Peerwith’s Grant proposal support services connects you with experts in grant, research and funding proposal writing. Request a (grant) proposal review when you need a peer with the right academic background and expertise to help you successfully submit a grant, research or funding proposal. We offer review services, or editing, or writing if you prefer.
In this case study we meet one of the experts and look at his concrete experience:
Meet the expert: Alastair Matthews
Alastair Matthews’s background is in the Humanities, where he has published two books and numerous articles. He won funding from the Humboldt-Stiftung and the EU’s Horizon2020 programme, and has advised on successful funding applications as well as taken training on becoming an evaluator for Horizon 2020. As an example of his activities, he contributed to a master class on Marie Curie Fellowships at a university in Denmark.
The grant review
Successful grant applications stand out. They need to win over evaluators who may have little time to read them in detail and may have little or no specialist knowledge of the field in question. Here’s how Alastair describes his approach:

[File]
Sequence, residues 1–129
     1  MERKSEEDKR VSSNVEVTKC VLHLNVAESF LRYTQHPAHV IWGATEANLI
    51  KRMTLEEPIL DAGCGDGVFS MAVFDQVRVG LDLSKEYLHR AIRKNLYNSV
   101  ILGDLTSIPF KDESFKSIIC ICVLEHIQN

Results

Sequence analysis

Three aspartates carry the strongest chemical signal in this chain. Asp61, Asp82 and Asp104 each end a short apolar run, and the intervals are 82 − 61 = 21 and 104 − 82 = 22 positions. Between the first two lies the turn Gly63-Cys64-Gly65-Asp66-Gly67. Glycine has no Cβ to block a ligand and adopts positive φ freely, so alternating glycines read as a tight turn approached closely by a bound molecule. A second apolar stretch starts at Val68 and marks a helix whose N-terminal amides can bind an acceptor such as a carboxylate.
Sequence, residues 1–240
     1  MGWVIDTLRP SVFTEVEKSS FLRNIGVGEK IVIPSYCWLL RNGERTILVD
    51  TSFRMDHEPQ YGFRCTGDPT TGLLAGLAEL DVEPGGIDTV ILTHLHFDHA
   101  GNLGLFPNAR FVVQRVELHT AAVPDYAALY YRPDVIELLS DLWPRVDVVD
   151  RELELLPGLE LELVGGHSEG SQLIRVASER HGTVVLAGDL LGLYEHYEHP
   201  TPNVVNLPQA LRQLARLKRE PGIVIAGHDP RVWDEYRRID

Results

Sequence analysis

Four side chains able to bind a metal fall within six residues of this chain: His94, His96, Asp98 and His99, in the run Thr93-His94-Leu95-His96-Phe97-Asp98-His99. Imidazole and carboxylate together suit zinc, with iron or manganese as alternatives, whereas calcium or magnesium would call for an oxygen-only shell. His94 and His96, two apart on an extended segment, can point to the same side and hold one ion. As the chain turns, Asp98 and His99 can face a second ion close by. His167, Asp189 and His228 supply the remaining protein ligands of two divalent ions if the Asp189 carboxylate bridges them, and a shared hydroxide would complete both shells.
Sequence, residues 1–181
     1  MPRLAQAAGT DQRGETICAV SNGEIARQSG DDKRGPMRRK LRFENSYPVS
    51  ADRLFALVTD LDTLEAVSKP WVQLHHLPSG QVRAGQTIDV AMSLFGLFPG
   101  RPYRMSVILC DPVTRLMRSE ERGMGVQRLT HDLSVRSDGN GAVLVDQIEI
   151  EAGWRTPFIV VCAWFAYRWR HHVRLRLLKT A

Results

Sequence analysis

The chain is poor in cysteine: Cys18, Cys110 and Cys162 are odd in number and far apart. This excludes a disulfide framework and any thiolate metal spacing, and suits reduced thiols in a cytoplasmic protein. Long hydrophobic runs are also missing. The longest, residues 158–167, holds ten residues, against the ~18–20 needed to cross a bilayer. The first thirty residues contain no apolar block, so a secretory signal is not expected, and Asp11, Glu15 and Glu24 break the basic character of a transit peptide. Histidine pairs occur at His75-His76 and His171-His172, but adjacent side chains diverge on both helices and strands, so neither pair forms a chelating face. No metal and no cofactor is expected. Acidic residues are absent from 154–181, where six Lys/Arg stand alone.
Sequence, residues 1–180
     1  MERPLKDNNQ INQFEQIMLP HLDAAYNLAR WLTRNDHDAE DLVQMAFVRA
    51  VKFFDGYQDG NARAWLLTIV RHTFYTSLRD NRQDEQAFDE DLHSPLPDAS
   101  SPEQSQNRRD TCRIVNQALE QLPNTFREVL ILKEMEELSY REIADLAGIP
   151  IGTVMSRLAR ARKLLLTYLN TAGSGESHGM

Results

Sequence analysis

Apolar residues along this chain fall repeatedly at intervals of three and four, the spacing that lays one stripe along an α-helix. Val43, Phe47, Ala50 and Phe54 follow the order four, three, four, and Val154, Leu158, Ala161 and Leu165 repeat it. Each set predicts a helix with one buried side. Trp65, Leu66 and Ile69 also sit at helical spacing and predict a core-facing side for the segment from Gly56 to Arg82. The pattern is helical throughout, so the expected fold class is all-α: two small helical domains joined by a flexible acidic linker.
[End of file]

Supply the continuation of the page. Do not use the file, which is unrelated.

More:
“It is vital to be as clear as possible. Assessors need to be told exactly what the project aims to achieve and how it will achieve it. A dedicated third-party reader helps you to do this by ironing out vagueness, finding passages that don’t make sense for non-specialists, and identifying weak points in the argument.
Proposals also need to be rhetorically convincing. The first paragraph, even the very first sentence, can be vital: get your assessors’ attention here, and they will be motivated to read on with interest and attention. Likewise, accurate expression and a clear structure will keep them engaged; errors and confused formulations will not. A dedicated reader can help produce a polished text.
First-hand experience is also invaluable. As a former grant recipient and active researcher, I know what makes a successful proposal, and how to anticipate the challenges of putting it into practice: how to be ambitious without making unrealistic promises, for example, or how to present a clear plan of action while allowing for the potential of ideas to develop in unexpected directions. These aspects are often overlooked, I think; a well-rounded proposal will display awareness of the practicalities rather than just box-ticking assessment criteria.”
There will always be a certain amount of luck in grant applications. Alastair’s philosophy is to make the parts of the process that one can control as good as they possibly can be.”Ultimately, it’s about saying ‘this matters! fund me!’“, he says. “I like to think of it as anticipating any doubts or questions the assessors might have, and pre-empting them. A specialist reader can help you do that.”